BACKGROUND & AIMS: Resistance to single cytokine blockade, namely anti-tumor necrosis factor (TNF) therapy, is a growing concern for patients with inflammatory bowel disease (IBD). The transcription factor T-bet is a critical regulator of intestinal homeostasis, is genetically linked to mucosal inflammation and controls the expression of multiples genes such as the pro-inflammatory cytokines interferon (IFN)-γ and TNF. Inhibiting T-bet may therefore offer a more attractive prospect for treating IBD but remains challenging to target therapeutically. In this study, we evaluate the effect of targeting the transactivation function of T-bet using inhibitors of P-TEFb (CDK9-cyclin T), a transcriptional elongation factor downstream of T-bet. METHODS: Using an adaptive immune-mediated colitis model, human colonic lymphocytes from patients with IBD and multiple large clinical datasets, we investigate the effect of cyclin-dependent kinase 9 (CDK9) inhibitors on cytokine production and gene expression in colonic CD4+ T cells and link these genetic modules to clinical response in patients with IBD. RESULTS: Systemic CDK9 inhibition led to histological improvement of immune-mediated colitis and was associated with targeted suppression of colonic CD4+ T cell-derived IFN-γ and IL-17A. In colonic lymphocytes from patients with IBD, CDK9 inhibition potently repressed genes responsible for pro-inflammatory signalling, and in particular genes regulated by T-bet. Remarkably, CDK9 inhibition targeted genes that were highly expressed in anti-TNF resistant IBD and that predicted non-response to anti-TNF therapy. CONCLUSION: Collectively, our findings reveal CDK9 as a potential target for anti-TNF-resistant IBD, which has the potential for rapid translation to the clinic.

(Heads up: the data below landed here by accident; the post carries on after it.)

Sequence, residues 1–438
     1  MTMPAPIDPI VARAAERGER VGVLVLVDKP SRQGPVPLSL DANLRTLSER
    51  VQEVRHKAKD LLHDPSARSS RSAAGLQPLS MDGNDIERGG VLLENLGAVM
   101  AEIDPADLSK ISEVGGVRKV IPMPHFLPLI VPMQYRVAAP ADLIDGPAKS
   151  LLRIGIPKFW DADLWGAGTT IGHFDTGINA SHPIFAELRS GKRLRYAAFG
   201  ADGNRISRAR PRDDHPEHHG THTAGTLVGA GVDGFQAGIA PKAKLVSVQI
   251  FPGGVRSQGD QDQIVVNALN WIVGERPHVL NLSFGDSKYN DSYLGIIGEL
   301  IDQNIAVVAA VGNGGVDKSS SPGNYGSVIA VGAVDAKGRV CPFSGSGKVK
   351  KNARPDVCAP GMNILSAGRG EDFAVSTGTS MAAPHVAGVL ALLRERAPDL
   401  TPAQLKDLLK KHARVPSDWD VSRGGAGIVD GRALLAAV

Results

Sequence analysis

|Number of pages||17|
|Journal||Cellular and molecular gastroenterology and hepatology|
|Early online date||1 Jun 2022|
|Publication status||Published - 2022|
- Crohn’s disease
- ulcerative colitis